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    17 Things Everyone Should Track In Their Twenties

    Time to organize your whole damn life.

    Tracking your habits can be satisfying as hell. When you track things — whether by using a bullet journal, app, Google Doc, or another method you devised — you can pick up on patterns you didn't notice before, identify things you'd like to be doing differently, and be more intentional about how you live your life and spend your time.

    Basically, it's just a way to pay attention to things in your life that you might otherwise be passive about. Obviously all of these aren't going to apply to you and your life, so take what you like and leave the rest.

    1. How often you see your friends.

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    Life happens, and next thing you know, it's been a month since you've hung out with your closest friends. Keep track of the last time you got together with the people you care about keeping up a relationship with so no one important falls through the cracks when your life is busy.

    You can also make note of who initiates contact. If one of you is always the one to reach out or make plans, check in that everyone feels good about that — and if not, try to make it more ~balanced~.

    2. The last time you cleaned, washed, or replaced certain things, like your sheets, bath towels, bras, makeup brushes, toothbrush, etc.

    @thekiwirose / Via instagram.com

    Here's a good list of things you should be cleaning but probably aren't that might inspire you.

    3. How much you spend on things like going out, takeout, alcohol, and other money black holes.

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    That stuff adds up quickly and you might be spending more than you want to simply by virtue of not paying attention. One thing I do to prevent having to do math or extensive tracking is having a credit card I *only* use for Seamless, booze, going out, etc. That way I can see the exact number I spend week to week — and make changes accordingly.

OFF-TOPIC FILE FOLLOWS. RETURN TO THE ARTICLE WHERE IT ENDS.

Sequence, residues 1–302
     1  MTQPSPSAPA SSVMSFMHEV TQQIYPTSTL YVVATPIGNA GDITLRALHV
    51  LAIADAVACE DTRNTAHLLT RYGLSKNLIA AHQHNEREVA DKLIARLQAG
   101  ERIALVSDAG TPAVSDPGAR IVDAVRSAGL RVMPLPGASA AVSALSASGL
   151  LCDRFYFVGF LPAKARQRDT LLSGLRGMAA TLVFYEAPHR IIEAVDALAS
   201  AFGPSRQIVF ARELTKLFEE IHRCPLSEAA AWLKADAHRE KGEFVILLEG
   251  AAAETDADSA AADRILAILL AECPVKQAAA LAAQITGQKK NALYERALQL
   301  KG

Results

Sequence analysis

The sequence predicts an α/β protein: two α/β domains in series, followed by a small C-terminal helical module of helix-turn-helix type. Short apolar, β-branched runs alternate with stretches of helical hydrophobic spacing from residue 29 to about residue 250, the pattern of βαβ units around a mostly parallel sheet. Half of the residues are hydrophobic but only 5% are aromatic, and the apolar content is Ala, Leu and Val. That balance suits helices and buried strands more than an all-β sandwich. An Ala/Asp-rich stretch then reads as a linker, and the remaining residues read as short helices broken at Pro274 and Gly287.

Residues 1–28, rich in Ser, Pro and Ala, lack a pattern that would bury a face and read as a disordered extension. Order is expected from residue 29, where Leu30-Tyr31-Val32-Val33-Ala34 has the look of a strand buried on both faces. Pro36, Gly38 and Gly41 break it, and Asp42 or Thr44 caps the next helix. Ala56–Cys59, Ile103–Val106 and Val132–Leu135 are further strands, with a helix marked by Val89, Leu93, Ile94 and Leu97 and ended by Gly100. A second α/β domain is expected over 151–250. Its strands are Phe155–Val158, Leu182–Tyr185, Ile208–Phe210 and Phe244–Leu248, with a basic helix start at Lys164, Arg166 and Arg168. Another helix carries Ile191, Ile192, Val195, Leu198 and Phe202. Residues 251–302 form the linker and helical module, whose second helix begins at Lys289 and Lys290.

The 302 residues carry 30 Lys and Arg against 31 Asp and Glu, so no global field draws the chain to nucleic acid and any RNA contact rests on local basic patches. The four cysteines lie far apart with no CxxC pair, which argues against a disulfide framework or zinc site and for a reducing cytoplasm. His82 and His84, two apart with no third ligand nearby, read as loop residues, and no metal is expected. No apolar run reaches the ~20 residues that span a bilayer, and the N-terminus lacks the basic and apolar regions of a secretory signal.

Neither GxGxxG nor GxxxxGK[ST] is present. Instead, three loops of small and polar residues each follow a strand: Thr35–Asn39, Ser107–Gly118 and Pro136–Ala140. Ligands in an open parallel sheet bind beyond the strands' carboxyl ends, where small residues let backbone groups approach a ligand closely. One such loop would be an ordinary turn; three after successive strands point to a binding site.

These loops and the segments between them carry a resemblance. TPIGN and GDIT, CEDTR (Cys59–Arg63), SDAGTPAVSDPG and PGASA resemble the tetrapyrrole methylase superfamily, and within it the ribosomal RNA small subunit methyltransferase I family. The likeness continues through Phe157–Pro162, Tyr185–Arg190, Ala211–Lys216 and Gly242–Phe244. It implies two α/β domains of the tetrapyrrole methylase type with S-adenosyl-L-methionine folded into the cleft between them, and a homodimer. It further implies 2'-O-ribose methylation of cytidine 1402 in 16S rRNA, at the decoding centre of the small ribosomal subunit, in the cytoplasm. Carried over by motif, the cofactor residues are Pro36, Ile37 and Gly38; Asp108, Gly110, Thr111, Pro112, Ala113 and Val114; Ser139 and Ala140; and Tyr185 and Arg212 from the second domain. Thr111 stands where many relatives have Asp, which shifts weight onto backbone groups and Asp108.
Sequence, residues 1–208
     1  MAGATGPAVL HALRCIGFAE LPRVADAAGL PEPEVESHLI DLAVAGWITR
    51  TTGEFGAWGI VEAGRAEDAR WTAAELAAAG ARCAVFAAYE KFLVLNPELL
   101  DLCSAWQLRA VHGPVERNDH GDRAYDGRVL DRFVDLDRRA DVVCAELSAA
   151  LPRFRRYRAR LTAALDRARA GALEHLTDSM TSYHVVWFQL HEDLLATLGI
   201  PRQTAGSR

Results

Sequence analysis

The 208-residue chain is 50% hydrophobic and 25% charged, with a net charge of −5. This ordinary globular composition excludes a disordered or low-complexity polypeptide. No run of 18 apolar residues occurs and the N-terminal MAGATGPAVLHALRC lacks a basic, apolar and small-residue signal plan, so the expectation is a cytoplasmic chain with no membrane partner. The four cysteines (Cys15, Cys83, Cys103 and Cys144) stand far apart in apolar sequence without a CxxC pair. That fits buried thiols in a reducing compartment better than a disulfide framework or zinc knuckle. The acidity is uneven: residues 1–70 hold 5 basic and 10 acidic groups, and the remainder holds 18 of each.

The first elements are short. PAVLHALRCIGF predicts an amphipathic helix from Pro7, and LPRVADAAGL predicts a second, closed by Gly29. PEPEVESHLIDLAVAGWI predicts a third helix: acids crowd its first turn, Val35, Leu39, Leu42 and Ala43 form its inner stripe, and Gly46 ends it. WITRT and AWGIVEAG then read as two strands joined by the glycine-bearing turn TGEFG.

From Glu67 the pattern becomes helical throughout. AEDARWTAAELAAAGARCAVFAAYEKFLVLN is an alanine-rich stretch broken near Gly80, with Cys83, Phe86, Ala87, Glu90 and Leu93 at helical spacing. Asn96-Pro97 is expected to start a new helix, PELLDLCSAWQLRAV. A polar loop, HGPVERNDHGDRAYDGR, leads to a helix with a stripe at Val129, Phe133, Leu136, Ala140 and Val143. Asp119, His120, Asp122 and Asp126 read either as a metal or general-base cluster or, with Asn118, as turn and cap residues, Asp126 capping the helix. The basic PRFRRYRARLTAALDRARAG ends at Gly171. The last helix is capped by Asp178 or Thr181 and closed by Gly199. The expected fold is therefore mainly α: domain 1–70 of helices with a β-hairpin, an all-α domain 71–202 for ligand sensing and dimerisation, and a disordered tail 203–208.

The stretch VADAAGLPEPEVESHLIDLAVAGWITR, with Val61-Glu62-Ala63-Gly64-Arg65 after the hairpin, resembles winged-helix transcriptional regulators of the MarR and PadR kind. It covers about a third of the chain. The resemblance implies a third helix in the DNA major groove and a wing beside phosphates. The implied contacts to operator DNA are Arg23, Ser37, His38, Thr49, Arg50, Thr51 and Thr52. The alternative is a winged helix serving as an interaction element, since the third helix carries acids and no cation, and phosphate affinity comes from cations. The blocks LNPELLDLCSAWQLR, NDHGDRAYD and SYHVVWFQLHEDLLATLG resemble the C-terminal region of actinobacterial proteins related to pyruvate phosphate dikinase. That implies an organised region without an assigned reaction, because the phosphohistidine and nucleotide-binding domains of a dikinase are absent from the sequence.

4. How much you're drinking and how it makes you feel, emotionally and physically.

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    Not saying your goal has to be to cut down on drinking. But your body reacts differently to alcohol the older you get, so get an early start on figuring out which types of alcohol cause massive hangovers (or stupid decisions) and which don't.

    Also, keep an eye out for how drinking in general makes you feel. When I started tracking my intake, I realized that I often drank more when I was feeling anxious in order to mitigate that feeling — but wound up feeling more anxious in the morning as a result of getting too drunk the night before and worrying about how I behaved.

    5. Your period, if you have one, so you know when/if things are abnormal.

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    Also so you can avoid this interaction:

    Your doctor: What was the date of your last period?

    You, every time without fail before you started tracking it: Ummmm. Like...sometime last week? Maybe the week before?

    6. Your responsibilities and tasks — in whatever to-do list works best for you.